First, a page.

BEIRUT: The best-known Lebanese blogs tend to be run by men, and though they are often vociferous supporters of women’s rights, there’s no replacement for hearing it from the horse’s mouth. Similarly, female perspectives on domestic and international issues are often missing from the online debate.
In celebration of International Women’s Day, here are three little-known but thought-provoking blogs written in English by Lebanese ladies across the world.
Marwa Berro – Between a Veil and a Dark Place
Marwa Berro is a pseudonym, and a brief scroll through her carefully worded posts about the abuse she was subjected to while she lived in Beirut explains why.
The 25-year-old former English and philosophy teacher, originally from the south, has since moved to the U.S., from where she began her blog last summer. She categorizes herself as “an ex-Muslim, an apostate, an atheist, an escapee from the Middle East, [and] a victim of both religious-based violence at the hands of my own family and the crushing Western war machine in my homeland.”
The posts are often long and academically written, a world away from the more skim-friendly fodder of other blogs. Yet they are also fascinating, absorbing and carefully reasoned. She writes about Islam, identity, women’s rights, Lebanon, Hezbollah, the Arab world and increasingly, her own personal story. “Informed critique leads to reform and leads to solutions,” she told The Daily Star.
It’s an attitude that she admitted was dependant on her location. “I would never have been able to do this, even secretly, back home ... What I do is very unpopular and controversial in many circles.”
Excerpt: “Part two: What it is like to be a Muslim woman.” Dec. 4, 2013
This life that I lived was only possible because of the religious and value systems of not only my family, but the society and culture and country that surrounded them. Because I lived in a country that refused to pass a law criminalizing domestic violence and marital rape due to protest from the two largest Shiite and Sunni authorities in the country, based on religious grounds. Because I lived in a country where I had no legal recourse or opportunity to gain freedom or independence, where girls did not move out unless for marriage, where marriage legally required a guardian’s consent all on religious grounds.
Paola Daher – Myrrh and Mint.
Daher may have grown up in Europe, but her thoughts are strictly focused on Lebanon and the Middle East. The 29-year-old Lebanese writer, currently based in Switzerland, actually runs two blogs, of which Myrhh and Mint is her personal creative outlet.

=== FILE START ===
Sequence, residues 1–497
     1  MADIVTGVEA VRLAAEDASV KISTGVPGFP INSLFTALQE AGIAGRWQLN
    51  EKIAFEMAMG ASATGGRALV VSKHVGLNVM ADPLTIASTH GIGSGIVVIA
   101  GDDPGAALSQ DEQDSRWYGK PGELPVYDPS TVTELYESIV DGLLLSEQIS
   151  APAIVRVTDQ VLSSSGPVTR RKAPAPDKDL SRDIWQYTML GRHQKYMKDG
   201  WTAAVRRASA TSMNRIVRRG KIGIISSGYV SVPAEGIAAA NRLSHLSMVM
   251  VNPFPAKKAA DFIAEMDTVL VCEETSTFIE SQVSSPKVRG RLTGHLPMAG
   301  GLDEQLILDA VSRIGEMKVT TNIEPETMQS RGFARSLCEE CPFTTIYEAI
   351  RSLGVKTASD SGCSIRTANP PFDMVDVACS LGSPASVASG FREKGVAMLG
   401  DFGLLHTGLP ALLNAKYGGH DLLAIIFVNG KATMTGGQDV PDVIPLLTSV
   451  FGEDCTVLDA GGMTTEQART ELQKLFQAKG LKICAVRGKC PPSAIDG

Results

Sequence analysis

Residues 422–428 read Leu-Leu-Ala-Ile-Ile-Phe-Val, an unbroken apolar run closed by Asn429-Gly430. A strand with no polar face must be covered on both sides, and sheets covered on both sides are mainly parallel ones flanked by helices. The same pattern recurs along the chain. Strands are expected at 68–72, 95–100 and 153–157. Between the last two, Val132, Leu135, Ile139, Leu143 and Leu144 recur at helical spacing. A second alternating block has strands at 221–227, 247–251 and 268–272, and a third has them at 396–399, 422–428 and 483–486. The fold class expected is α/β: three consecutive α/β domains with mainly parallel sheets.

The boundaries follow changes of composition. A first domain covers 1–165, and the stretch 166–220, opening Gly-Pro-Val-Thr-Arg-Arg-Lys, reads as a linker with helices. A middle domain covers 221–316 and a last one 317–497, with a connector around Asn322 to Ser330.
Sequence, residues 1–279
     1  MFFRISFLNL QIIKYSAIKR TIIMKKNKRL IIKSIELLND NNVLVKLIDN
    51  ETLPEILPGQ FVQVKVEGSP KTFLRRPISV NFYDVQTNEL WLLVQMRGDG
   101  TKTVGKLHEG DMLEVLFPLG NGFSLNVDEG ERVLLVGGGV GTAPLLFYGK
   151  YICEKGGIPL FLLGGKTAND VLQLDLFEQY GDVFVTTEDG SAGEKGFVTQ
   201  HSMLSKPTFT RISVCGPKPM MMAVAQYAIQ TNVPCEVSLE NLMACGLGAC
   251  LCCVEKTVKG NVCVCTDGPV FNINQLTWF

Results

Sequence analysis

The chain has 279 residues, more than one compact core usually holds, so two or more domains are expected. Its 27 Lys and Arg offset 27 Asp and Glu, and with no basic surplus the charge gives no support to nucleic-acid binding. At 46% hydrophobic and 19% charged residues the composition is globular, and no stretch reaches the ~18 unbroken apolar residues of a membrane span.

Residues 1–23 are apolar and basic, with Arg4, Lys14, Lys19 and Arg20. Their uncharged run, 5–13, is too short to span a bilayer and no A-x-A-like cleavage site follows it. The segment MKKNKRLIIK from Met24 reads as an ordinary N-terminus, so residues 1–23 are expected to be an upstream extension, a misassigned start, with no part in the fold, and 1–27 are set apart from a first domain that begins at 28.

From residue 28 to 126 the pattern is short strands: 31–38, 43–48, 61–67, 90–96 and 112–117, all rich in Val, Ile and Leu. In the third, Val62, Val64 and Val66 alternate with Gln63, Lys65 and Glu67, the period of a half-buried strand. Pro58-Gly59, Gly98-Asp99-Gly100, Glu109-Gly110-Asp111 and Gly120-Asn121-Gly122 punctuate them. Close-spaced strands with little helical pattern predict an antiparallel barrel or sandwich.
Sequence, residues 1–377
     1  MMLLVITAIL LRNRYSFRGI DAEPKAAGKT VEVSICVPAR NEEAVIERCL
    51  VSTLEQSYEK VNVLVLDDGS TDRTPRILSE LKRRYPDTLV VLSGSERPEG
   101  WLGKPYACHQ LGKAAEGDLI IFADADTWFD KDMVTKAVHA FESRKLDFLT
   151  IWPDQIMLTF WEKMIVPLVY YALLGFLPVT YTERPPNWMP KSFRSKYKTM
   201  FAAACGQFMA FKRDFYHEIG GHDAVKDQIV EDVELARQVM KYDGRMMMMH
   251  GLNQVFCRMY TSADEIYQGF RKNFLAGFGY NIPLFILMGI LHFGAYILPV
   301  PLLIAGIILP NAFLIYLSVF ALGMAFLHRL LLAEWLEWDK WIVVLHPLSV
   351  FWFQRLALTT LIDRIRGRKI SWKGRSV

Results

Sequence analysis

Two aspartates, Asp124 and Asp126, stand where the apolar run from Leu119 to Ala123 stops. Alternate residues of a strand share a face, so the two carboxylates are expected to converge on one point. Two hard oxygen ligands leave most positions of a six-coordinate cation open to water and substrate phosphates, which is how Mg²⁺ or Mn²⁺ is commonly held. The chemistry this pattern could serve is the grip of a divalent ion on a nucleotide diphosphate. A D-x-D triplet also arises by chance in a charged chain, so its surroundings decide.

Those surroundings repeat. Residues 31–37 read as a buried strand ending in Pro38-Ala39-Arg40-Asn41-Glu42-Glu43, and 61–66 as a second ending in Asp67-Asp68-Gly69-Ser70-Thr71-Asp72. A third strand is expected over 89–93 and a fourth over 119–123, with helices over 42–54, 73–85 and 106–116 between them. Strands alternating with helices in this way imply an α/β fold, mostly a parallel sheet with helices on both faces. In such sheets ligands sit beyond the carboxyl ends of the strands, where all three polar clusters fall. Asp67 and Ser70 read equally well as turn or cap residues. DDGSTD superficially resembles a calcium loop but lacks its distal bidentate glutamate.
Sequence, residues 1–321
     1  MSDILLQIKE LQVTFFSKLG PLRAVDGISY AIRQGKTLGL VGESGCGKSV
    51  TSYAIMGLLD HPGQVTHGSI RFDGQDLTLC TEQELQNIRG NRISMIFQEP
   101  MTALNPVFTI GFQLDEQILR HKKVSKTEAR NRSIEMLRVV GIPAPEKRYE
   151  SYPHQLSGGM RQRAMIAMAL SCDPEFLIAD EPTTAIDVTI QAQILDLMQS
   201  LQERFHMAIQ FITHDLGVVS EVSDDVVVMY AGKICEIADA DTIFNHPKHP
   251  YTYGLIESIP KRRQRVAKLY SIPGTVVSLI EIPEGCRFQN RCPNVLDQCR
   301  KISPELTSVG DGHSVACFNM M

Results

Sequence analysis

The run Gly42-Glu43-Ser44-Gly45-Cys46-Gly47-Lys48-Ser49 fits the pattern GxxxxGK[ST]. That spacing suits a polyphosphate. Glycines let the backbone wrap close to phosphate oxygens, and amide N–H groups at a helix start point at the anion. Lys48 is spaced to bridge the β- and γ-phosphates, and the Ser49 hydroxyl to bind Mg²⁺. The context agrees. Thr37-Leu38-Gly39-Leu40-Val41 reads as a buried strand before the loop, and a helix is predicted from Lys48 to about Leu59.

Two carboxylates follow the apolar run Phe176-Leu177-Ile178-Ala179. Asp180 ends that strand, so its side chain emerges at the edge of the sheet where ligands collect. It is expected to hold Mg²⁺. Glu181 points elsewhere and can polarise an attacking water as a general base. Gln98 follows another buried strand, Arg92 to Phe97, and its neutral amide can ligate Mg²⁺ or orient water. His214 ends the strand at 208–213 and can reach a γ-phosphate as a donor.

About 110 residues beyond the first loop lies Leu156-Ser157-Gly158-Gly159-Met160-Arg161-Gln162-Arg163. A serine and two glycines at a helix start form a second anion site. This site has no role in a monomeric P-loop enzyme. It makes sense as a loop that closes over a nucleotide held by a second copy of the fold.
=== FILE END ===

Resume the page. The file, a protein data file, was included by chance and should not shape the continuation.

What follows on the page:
For Daher, blogging is a form of therapy, a “venting outlet.” It’s a place where she can organize her thoughts and share her writing with a larger audience, such as her popular series Tales of the Phoenix City, a number of intersecting stories about the life of Beirutis.
More Lebanese women should blog, Daher told The Daily Star, because “many people speak on behalf of Lebanese women: [and] I think it’s high time they claim their own reality and narrative back.”
A heartfelt mash-up of creative writing and personal essays, Myrrh and Mint offers up a stimulating exploration of women’s rights, feminism and the little-discussed subject of sexual and reproductive health and rights.
Excerpt: “Childbearing, Breastfeeding and the Battle of Motherhood.” Jan. 3, 2014
Childbirth is like a particularly intense hazing nature puts us through. To me, it was this unimaginably violent, painful, radical test my body and mind had to bear, and here I sit, writing about it, trying to put words on the impossible, looking at my child yet not realizing I have done it and lived to tell the tale.
Another part of me is laughing, pointing at the very pretentious act of writing about something experienced by millions of women every day, these millions not feeling the need to be writing about it all. ... In hindsight, I think it’s safe to say childbirth really is a big f---ing deal. If men were doing it, there would be memorials in every city to every fallen comrade who died or sustained injuries giving life.
Lamia Moghnieh – The Interrogations of Shamshouma
Burnt-out by doctorate exams and broken-hearted, Moghnieh had to have a breakdown to end what she calls a decadelong period of writer’s block. The result was The Interrogations of Shamshouma, an opportunity to re-empower herself. “Writing gave me strength and later it made me feel less lonely and fragile,” the 32-year-old told The Daily Star.
But rather than simply being a personal account of her life, Moghnieh – an anthropologist – uses the space to write, in both Arabic and English, “about things that have become ‘common sense’ in Lebanon, or taken for granted as normal.” Things such as racism, violence, humanitarianism and NGOs.
“I think about my posts as being political in a sense that they challenge and reveal mainstream ideology.”
She said online debates, like other conversations in Lebanon, get dominated by men, who tend to be more aggressive and silencing of women, “partly because talking and expressing one’s opinions, especially political and social ones, are highly valorized masculine traits in our society.”
Excerpt: “Soon the space will be too small: the total normalization of racism in Lebanon.” Aug. 5, 2013
It is becoming really hard to breathe in Lebanon. ... And I find myself silenced. It is not the oppressive slap-on-face-shut-up-dumb-woman kind of a silencing. It is a much more dangerous form of silencing, and a completely terrifying and isolating one. ... When racism and classicist hatred of the other becomes “common sense” in Lebanon, a normalized relaxing routine of daily relations, a funny TV show, a delightful sob7iyeh chitchat over coffee, a concerned policy implemented nationally to protect ... I myself disappear.